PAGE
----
[show abstract][hide abstract] ABSTRACT: The close cooperation of both innate and acquired immunity is essential for the induction of truly effective antitumor immunity. We tested a strategy to enhance the cross-talk between NKT cells and conventional antigen-specific T cells with the use of alpha GalCer-loaded dendritic cells genetically engineered to express antigen plus chemokine, attracting both conventional T cells and NKT cells. DC genetically engineered to express a model antigen, OVA, along with SLC/CCL21 or monokine induced by IFN-gamma/CXCL9, had been generated using a method based on in vitro differentiation of DC from mouse ES cells. The ES-DC were loaded with alpha-GalCer and transferred to mice bearing MO4, an OVA-expressing melanoma, and their capacity to evoke antitumor immunity was evaluated. In vivo transfer of either OVA-expressing ES-DC, stimulating OVA-reactive T cells, or alpha-GalCer-loaded non-transfectant ES-DC, stimulating NKT cells, elicited a significant but limited degree of protection against the i.p. disseminated MO4. A more potent antitumor effect was observed when alpha-GalCer was loaded to ES-DC expressing OVA before in vivo transfer, and the effect was abrogated by the administration of anti-CD8, anti-NK1.1 or anti-asialo GM1 antibody. alpha-GalCer-loaded double transfectant ES-DC expressing SLC along with OVA induced the most potent antitumor immunity. Thus, alpha-GalCer-loaded ES-DC expressing tumor-associated antigen along with SLC can stimulate multiple subsets of effector cells to induce a potent therapeutic effect against peritoneally disseminated tumor cells. The present study suggests a novel way to use alpha-GalCer in immunotherapy for peritoneally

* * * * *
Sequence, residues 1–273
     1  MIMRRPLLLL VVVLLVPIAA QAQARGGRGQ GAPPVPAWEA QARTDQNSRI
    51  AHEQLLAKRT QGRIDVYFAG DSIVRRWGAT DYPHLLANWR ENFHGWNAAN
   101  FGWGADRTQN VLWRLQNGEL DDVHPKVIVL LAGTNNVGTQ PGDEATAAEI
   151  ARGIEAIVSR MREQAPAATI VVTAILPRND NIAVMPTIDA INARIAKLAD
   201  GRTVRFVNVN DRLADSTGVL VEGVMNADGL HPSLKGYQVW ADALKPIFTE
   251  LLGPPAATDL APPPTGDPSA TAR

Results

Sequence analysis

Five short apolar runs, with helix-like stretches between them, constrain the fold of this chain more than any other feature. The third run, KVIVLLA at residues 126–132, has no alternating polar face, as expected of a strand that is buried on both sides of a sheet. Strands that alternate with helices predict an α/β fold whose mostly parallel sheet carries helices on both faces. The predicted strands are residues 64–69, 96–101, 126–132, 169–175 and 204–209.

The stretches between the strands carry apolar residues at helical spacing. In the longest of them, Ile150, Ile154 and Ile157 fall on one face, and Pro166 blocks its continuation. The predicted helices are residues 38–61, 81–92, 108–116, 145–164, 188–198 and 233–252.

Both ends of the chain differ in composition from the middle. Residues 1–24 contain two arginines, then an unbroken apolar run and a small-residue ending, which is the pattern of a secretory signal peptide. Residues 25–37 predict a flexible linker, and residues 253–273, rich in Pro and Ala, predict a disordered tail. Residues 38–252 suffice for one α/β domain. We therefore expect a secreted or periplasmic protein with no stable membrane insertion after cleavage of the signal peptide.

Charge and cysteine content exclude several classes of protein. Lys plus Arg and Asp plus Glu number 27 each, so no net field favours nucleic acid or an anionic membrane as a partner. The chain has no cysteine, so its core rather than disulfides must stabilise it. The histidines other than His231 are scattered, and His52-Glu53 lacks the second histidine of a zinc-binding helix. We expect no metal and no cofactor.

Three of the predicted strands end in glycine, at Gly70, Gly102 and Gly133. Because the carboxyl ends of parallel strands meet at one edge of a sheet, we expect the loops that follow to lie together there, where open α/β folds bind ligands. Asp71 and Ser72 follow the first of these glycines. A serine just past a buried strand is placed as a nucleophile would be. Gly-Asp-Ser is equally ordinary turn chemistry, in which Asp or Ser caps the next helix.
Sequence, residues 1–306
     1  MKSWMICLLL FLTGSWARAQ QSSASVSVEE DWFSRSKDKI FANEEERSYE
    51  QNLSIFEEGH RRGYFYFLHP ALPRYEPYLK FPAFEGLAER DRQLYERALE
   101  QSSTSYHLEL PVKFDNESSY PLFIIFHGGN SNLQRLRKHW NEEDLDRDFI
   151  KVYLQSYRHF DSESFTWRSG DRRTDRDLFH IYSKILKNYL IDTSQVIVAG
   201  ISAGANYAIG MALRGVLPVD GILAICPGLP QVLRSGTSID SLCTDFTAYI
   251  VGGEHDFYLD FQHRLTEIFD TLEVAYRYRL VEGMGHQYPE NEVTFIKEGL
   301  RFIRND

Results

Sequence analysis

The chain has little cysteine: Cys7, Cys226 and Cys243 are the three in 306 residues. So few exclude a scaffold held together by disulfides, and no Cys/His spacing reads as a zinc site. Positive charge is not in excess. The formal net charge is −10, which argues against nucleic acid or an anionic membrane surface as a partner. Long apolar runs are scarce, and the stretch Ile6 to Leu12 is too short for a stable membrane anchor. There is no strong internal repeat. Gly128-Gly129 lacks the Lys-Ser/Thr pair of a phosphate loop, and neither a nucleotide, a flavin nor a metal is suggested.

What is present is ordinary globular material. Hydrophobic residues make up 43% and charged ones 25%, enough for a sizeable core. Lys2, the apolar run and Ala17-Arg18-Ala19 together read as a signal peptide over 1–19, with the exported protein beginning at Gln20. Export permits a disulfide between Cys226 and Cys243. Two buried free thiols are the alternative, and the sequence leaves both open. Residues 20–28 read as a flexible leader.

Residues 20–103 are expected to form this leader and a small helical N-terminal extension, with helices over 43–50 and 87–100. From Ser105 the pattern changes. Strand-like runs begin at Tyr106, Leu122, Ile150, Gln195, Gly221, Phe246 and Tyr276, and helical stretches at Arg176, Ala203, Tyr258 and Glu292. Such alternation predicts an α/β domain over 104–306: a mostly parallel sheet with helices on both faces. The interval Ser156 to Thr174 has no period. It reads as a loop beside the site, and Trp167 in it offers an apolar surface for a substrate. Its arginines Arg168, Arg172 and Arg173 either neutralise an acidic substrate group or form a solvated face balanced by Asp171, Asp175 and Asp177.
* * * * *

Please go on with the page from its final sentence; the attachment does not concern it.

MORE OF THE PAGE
Cancer Science 01/2006; 96(12):889-96. · 3.48 Impact Factor